Give us resources, not paperwork, SENCOs tell Welsh Assembly.
Nicola Porter and Karen Thornton report
Some of the neediest children are not getting statements of special education needs, according to teachers. And schools are struggling to find the resources to cater for every pupil across a wide range of special needs, Assembly members have been told.
Meinir Rees, the UK's secondary SEN teacher of the year (see below) was among a panel of Welsh special educational needs co-ordinators (SENCOs) appearing before the Assembly's education committee last week.
The committee is reviewing the use of statements - legally binding documents which set out the additional teaching support needed to educate children with the most complex learning needs.
The SENCOs told committee members that the pupils of parents who "shouted the loudest" were more likely to be awarded statements. They also highlighted the time taken to process statements - six to nine months - and the resulting paperwork.
Gill Coleman, SENCO and headteacher of Williamstown primary school, Rhondda Cynon Taf, said local authorities' fear of litigation meant parental pressure had become one of the top priorities in deciding statements. She said her school was committed to catering for every special need, including pupils who were able and talented, and called for schools to work together in clusters to save money and share good practice.
The head, whose son has Asperger's Syndrome, added: "Someone has to be brave enough to take a decision on which child is most in need."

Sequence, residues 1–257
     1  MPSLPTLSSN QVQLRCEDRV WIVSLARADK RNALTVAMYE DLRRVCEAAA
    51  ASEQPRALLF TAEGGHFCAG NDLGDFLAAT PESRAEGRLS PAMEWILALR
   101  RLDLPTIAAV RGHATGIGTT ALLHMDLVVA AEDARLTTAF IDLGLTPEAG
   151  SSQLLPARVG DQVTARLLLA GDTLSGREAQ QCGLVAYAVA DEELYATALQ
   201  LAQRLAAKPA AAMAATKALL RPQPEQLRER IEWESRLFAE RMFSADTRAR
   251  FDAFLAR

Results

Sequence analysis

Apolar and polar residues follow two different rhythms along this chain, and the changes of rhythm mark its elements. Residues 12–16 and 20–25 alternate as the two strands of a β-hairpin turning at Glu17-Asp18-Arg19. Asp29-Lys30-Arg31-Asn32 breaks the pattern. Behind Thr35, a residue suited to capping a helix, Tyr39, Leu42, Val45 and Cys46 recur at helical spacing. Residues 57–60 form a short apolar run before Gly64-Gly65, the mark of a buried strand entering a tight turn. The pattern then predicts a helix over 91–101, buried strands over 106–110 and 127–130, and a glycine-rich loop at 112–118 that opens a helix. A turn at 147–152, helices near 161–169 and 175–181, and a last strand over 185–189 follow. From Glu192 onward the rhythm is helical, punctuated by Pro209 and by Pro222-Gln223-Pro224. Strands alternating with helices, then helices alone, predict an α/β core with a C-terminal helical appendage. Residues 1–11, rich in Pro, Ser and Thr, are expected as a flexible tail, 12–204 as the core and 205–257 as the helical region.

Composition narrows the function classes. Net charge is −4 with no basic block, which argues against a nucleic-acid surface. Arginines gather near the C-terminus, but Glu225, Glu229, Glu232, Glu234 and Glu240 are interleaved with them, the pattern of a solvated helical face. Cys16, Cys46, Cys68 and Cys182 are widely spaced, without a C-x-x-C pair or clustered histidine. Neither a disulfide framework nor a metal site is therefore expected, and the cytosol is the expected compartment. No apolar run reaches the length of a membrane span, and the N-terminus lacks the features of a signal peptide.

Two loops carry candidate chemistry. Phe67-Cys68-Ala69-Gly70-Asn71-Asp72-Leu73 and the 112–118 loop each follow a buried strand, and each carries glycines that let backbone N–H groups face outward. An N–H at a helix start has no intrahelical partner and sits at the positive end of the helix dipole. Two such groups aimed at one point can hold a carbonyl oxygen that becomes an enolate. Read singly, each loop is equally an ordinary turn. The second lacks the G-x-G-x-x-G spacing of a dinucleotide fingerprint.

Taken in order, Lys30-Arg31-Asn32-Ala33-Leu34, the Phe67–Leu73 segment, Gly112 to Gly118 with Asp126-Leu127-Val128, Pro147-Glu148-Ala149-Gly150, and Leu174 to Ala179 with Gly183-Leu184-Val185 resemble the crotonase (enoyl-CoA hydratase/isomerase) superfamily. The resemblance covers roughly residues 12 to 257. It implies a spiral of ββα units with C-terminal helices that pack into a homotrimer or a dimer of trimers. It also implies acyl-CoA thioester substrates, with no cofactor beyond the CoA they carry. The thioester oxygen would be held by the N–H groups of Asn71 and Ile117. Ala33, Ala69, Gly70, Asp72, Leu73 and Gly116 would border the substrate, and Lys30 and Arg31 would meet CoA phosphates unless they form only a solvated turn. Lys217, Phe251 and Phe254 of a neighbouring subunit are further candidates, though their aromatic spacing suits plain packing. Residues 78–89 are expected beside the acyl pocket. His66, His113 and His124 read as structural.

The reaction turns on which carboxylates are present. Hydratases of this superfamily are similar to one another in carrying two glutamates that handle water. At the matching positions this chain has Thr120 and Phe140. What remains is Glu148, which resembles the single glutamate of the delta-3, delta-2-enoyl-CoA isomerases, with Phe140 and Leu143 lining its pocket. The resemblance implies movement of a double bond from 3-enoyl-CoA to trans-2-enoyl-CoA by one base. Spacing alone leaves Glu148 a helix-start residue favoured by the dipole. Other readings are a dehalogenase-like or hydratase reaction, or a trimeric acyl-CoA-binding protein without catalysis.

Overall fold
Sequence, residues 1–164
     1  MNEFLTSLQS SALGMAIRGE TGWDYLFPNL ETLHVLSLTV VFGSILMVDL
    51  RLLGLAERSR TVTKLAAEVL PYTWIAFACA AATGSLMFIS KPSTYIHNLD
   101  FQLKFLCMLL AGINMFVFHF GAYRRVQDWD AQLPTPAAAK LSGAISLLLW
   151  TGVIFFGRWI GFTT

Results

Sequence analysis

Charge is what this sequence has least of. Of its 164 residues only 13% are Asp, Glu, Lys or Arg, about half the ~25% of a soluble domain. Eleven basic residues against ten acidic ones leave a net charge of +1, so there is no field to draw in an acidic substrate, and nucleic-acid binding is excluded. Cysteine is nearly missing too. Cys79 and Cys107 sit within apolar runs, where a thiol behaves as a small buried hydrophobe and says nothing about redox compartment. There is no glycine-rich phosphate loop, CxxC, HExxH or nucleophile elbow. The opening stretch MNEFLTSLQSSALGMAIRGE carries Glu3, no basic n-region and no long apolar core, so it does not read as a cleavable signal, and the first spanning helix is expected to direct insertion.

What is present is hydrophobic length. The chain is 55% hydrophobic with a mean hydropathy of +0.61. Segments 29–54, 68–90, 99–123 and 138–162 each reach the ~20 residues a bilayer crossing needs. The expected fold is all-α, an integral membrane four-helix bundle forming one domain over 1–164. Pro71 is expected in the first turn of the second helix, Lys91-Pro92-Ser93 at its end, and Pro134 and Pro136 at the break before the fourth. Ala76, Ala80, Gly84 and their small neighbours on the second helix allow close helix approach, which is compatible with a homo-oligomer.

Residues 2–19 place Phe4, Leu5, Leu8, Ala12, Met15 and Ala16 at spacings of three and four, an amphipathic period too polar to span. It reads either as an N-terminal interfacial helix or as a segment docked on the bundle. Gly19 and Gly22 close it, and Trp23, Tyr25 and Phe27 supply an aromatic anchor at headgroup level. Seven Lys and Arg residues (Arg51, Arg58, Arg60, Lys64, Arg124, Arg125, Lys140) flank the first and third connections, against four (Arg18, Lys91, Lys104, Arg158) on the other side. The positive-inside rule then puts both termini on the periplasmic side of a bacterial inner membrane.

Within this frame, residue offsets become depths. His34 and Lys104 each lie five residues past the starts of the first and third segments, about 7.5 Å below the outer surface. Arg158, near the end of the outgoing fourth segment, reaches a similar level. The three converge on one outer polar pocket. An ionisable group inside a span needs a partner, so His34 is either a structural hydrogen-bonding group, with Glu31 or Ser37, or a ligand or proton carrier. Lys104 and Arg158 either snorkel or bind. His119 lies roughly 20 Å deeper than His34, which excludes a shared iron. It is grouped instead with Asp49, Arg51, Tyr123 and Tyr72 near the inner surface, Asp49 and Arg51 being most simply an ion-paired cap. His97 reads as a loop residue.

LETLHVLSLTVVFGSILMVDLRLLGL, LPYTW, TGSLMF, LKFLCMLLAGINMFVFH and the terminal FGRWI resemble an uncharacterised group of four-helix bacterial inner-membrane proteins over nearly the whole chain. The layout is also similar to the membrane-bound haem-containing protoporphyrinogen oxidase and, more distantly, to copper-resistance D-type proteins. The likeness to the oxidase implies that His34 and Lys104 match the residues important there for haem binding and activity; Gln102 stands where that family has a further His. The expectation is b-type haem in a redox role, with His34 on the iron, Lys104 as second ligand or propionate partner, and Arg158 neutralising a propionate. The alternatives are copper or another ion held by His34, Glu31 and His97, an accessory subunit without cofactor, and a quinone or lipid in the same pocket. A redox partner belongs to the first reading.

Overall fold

Meinir Rees, SENCO at Ysgol Gyfun Gymraeg Plasmawr, in Cardiff, said it was harder to cater for special needs in the Welsh-medium sector. She said her school was still waiting for resources to support a visually-impaired Year 7 pupil, pending completion of the statementing process, which could take six to nine months.
The school needs pound;28,000 to provide individual computer monitors in visually-impaired pupils' classrooms, so they can follow work being presented and set by teachers on whiteboards.
Speaking to TES Cymru after the hearing, she said: "I don't agree with the enormous amount of money spent on statements and the paperwork involved is very time-consuming. If we had guaranteed provision without having to go through the statementing, I would be very happy."
Nichola Jones, from Bridgend education authority, said more parents should trust schools to provide for their children's needs and there should be more interaction with parent-teacher groups. The SENCOs also recommended:
* the continuation of statementing for those who most need it;
* national benchmarks to help end a postcode lottery;
* national curriculum changes targeted at children who leave school with no qualifications;
* more special-needs training for mainstream teachers.